# Suppose you have a 25xx45xx2.5 "cm" steel bar whose density is "7.8 g/cm"^3 at 22^@ "C". If "3.8 kJ" was imparted into it by solar energy, and the bar's specific heat capacity is "0.49 J/g"^@ "C", to what temperature does it rise?

Jun 19, 2017

I get ${26}^{\circ} \text{C}$. Since the mass of the steel bar was large, even though it absorbed a lot of solar energy (heat), it didn't increase much in temperature, only ${4}^{\circ} \text{C}$.

This illustrates that heat capacity ($m \times {C}_{P}$, in $\text{J/"^@ "C}$) is an extensive property, whereas specific heat capacity, ${C}_{P}$, is an intensive property. The specific heat capacity is independent of how large the object is.

This overall will be using the equation for heat flow $q$:

$q = m {C}_{P} \Delta T$,

where:

• $m$ is the mass in $\text{g}$.
• ${C}_{P}$ is the specific heat capacity in $\text{0.49 J/g"^@ "C}$ at constant pressure, the amount of heat required to increase the temperature of one gram of substance by ${1}^{\circ} \text{C}$.
• $\Delta T = {T}_{2} - {T}_{1}$ is the change in temperature in $\text{^@ "C}$.

The extra step here is to find the mass using the steel bar's volume $V$ in ${\text{cm}}^{3}$ and density $D$ in ${\text{g/cm}}^{3}$. The density is given by:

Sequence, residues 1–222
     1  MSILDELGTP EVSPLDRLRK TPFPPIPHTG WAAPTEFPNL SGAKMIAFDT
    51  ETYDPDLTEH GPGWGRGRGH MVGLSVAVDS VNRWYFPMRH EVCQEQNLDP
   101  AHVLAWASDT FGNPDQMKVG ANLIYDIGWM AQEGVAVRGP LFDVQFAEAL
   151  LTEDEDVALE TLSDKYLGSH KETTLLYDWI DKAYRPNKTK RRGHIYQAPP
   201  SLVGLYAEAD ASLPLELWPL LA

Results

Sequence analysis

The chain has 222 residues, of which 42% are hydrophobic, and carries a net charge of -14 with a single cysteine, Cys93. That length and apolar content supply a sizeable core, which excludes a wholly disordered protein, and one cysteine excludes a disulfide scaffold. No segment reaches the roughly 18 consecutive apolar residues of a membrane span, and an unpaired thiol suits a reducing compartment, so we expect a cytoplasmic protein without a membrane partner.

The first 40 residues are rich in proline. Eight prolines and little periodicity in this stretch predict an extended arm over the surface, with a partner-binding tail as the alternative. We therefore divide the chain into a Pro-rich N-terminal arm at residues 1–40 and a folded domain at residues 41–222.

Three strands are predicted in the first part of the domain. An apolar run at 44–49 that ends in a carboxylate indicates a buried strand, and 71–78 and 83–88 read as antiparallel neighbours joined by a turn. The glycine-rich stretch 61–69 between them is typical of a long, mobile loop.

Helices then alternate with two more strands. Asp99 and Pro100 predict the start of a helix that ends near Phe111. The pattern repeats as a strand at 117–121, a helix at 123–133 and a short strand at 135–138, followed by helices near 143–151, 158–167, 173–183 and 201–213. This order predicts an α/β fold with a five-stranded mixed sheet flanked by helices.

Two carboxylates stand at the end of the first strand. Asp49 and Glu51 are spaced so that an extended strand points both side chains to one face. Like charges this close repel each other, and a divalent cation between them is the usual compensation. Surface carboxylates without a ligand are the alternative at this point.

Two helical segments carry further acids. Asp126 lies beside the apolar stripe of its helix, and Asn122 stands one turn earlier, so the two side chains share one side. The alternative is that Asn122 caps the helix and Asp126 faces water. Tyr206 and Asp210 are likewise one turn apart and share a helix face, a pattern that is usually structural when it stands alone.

$D = \frac{m}{V}$

You gave the volume as

${\text{25 cm" xx "45 cm" xx "2.5 cm" = "2812.5 cm}}^{3}$

So, the mass is given by

m = DV = "7.8 g"/cancel("cm"^3) xx 2812.5 cancel("cm"^3)

$=$ $\text{21937.5 g}$

You also gave that the heat that went in was

$q = + \text{3.8 kJ" = +"38000 J}$

(which you should remember to make sure is in the same energy unit, $\text{J}$, as in ${C}_{P}$, and not $\text{kJ}$!)

and the specific heat capacity as

${C}_{P} = \text{0.49 J/g"^@ "C}$.

As a result, we now have enough information to determine the final temperature, ${T}_{2}$, that the bar is now at. Using the first equation and the given ${T}_{1} = {22}^{\circ} \text{C}$:

$q = m {C}_{P} \Delta T$

"38000 J" = (21937.5 cancel"g")("0.49 J/"cancel"g"^@ "C")(T_2 - 22^@ "C")

"38000 J" = overbrace(("10749.375 J/"^@ "C"))^("Heat Capacity, " mC_P)(T_2 - 22^@ "C")

Divide over the heat capacity $m {C}_{P}$ to get:

$\frac{38000}{10749.375} \text{^@ "C" = 3.535^@ "C" = T_2 - 22^@ "C}$

Therefore, the new temperature is:

$\textcolor{b l u e}{{T}_{2}} = 22 + 3.535 = {25.535}^{\circ} \text{C}$

$= \textcolor{b l u e}{{26}^{\circ} \text{C}}$ to two sig figs.